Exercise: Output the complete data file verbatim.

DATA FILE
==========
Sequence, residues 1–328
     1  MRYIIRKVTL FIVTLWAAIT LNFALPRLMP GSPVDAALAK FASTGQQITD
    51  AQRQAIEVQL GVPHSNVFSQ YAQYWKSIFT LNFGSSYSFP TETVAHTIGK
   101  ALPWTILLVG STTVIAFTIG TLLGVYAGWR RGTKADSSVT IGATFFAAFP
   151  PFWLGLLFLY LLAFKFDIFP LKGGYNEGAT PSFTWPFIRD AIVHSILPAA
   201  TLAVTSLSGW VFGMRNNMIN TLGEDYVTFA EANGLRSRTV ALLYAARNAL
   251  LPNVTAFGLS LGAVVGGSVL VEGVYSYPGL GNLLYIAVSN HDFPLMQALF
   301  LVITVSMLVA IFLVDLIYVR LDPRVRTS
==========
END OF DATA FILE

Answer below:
Sequence, residues 1–328
     1  MRYIIRKVTL FIVTLWAAIT LNFALPRLMP GSPVDAALAK FASTGQQITD
    51  AQRQAIEVQL GVPHSNVFSQ YAQYWKSIFT LNFGSSYSFP TETVAHTIGK
   101  ALPWTILLVG STTVIAFTIG TLLGVYAGWR RGTKADSSVT IGATFFAAFP
   151  PFWLGLLFLY LLAFKFDIFP LKGGYNEGAT PSFTWPFIRD AIVHSILPAA
   201  TLAVTSLSGW VFGMRNNMIN TLGEDYVTFA EANGLRSRTV ALLYAARNAL
   251  LPNVTAFGLS LGAVVGGSVL VEGVYSYPGL GNLLYIAVSN HDFPLMQALF
   301  LVITVSMLVA IFLVDLIYVR LDPRVRTS